Alexander Osterwalder and I spent last week in Salt Lake City, Utah as judges at the 2nd Annual International Business Model Competition, hosted by Professor Nathan Furr, and his team at the BYU Center for Entrepreneurship.
The idea of a Business Model competition first emerged when I realized that Business Plan writing ought to be taught in English departments -- as they're the best example of creative writing entrepreneurs will ever do.
The Business Plan -- a Roadmap for Execution
When venture capital teamed up with technology entrepreneurs in the 1960s they brought with them the canonical MBA planning tool -- the business plan.
The business plan is a wonderful document for organizing and planning for existing companies to launch follow-on products. In an existing corporation, the business plan is the execution document for sustaining innovation.
The problem is that once a plan is written it's static and assumes minimal new learning. This makes sense in a company where your customers, channel and competition are known. And your revenue plan is something more than a hallucination. But for startups, business plans fail to match the chaotic reality they encounter in the real world. Yet year after year, decade after decade, VCs would watch as no startup business plan survived first contact with customers. So what did the venture industry do? They kept insisting startups write business plans as the price of entry to venture funding.
VCs thought of startups as smaller versions of large companies. Large companies wrote business plans, so VCs made startups write business plans. Large companies had VPs of Sales and Marketing, so VCs made startups organize that way as well. Large companies executed plans well and when they didn't work, they fired the executives who screwed up. So VCs assumed that startups should equally unfold per the plan -- firing executives when reality intruded.
The reality is that startups needed a new class of management tools. Tools to help them manage the search for a repeatable and scalable business model. Startups needed tools to help them organize their hypotheses, and then needed a process to rapidly test those hypotheses. And they needed tools that recognized that most startups go from failure to failure as they searched for, and discovered, product/market fit. And that instead of firing executives to match a plan, it was the plan itself that needed to rapidly iterate.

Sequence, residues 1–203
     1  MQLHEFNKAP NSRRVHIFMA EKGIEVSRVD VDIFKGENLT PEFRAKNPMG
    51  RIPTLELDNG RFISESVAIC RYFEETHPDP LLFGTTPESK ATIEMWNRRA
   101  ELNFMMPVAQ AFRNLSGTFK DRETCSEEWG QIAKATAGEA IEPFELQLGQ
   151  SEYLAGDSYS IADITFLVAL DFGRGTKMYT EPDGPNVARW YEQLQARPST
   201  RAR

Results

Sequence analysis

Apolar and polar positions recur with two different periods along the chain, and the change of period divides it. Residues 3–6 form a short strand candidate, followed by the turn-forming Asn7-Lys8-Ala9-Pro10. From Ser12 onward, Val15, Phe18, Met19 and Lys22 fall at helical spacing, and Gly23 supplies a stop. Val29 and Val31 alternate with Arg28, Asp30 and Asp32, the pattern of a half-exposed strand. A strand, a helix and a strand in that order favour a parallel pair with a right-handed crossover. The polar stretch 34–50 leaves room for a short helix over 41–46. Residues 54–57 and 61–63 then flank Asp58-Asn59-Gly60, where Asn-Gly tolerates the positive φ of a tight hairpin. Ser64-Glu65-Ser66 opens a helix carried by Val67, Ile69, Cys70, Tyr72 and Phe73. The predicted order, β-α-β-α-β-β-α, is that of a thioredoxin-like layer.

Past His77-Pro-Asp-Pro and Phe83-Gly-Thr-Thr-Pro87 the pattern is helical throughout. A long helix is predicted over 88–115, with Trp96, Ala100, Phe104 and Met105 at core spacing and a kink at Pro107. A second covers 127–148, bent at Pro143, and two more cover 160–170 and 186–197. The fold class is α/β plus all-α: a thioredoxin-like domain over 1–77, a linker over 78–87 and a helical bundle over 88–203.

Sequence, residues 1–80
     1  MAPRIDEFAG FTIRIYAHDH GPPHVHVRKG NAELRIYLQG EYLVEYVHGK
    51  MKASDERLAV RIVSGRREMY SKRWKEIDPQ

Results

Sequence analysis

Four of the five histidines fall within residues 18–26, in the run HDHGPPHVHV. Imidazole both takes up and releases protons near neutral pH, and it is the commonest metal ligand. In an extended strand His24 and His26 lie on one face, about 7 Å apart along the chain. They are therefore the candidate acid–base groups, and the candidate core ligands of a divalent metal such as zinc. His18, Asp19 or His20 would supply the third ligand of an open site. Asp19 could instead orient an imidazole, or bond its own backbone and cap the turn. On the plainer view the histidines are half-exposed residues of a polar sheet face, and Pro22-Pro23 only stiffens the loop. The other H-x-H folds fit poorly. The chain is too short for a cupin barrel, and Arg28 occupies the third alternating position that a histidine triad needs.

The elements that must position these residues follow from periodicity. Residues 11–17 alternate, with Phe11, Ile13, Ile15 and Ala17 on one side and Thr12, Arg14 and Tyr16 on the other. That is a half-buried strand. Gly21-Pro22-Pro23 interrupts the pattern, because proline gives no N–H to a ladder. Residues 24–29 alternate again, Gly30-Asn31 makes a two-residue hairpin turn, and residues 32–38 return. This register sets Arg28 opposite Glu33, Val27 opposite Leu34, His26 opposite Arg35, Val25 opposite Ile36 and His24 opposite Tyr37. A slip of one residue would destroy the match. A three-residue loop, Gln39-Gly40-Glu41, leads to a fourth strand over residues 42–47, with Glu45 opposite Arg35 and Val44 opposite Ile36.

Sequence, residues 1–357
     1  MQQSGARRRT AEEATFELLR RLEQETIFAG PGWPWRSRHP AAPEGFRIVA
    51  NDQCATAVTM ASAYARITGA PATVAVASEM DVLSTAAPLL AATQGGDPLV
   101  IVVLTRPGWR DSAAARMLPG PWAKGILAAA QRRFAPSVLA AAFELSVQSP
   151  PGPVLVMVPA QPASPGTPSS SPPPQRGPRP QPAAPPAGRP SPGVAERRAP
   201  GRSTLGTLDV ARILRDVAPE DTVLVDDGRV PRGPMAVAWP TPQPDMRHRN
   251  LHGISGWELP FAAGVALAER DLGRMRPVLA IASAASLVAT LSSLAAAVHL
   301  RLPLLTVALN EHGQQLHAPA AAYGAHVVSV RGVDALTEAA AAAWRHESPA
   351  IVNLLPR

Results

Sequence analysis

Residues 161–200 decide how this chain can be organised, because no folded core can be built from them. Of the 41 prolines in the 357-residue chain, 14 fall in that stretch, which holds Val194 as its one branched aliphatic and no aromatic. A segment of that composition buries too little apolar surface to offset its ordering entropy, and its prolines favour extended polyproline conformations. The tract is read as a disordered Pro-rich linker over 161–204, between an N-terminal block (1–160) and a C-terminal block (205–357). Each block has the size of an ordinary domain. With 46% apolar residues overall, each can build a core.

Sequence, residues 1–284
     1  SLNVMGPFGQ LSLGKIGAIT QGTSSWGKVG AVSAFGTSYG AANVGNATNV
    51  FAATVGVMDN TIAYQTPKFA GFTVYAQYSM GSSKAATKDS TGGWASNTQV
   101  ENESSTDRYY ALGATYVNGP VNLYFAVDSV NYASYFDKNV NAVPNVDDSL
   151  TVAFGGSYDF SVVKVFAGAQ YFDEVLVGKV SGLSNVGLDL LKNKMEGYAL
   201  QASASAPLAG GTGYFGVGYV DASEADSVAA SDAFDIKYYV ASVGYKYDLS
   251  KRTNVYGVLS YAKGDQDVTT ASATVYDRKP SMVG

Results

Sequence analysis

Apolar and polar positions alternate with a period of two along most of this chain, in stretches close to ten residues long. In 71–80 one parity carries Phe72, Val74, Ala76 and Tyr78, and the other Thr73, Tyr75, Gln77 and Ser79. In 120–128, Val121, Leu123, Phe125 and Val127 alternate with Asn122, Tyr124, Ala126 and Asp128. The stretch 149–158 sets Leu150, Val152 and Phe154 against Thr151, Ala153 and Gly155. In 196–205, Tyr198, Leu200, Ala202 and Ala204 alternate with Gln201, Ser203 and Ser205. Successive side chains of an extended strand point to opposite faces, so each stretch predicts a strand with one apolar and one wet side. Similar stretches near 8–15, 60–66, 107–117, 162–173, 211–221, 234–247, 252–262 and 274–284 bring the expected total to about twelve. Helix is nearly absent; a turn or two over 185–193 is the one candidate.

Business Plan vs. Business Model + Customer Development
The term business model first appeared about 50 years ago, but the concept didn't catch on until the 1990s. It wasn't until 2010 when Alexander Osterwalder published his book Business Model Generation that it became clear that this was the tool to organize startup hypotheses.
It was long before Alexander and I realized that organizing hypotheses with his canvas was just the first step in building a business. The next step was getting out of the building and testing the business model in a formal process -- and that process is Customer Development.
We've blogged about the combined methodologies here and here. Our Lean LaunchPad class at Stanford, Berkeley, Columbia and the National Science Foundation teach the combined Business Model Canvas + Customer Development tools. My new book, The Startup Owner's Manual integrates the two.